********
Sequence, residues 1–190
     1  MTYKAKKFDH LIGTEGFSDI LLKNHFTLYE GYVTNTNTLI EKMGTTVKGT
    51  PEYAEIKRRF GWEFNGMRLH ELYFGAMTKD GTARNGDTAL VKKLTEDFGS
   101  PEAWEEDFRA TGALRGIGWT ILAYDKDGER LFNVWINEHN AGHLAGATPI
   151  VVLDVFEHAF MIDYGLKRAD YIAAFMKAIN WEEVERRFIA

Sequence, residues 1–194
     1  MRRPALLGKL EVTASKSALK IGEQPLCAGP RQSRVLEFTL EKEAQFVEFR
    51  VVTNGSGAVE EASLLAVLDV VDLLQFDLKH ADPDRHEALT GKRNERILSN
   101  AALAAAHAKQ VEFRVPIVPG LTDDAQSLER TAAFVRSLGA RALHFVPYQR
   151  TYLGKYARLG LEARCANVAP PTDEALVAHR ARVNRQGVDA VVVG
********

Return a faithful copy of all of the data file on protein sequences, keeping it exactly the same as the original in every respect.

Sequence, residues 1–190
     1  MTYKAKKFDH LIGTEGFSDI LLKNHFTLYE GYVTNTNTLI EKMGTTVKGT
    51  PEYAEIKRRF GWEFNGMRLH ELYFGAMTKD GTARNGDTAL VKKLTEDFGS
   101  PEAWEEDFRA TGALRGIGWT ILAYDKDGER LFNVWINEHN AGHLAGATPI
   151  VVLDVFEHAF MIDYGLKRAD YIAAFMKAIN WEEVERRFIA

Sequence, residues 1–194
     1  MRRPALLGKL EVTASKSALK IGEQPLCAGP RQSRVLEFTL EKEAQFVEFR
    51  VVTNGSGAVE EASLLAVLDV VDLLQFDLKH ADPDRHEALT GKRNERILSN
   101  AALAAAHAKQ VEFRVPIVPG LTDDAQSLER TAAFVRSLGA RALHFVPYQR
   151  TYLGKYARLG LEARCANVAP PTDEALVAHR ARVNRQGVDA VVVG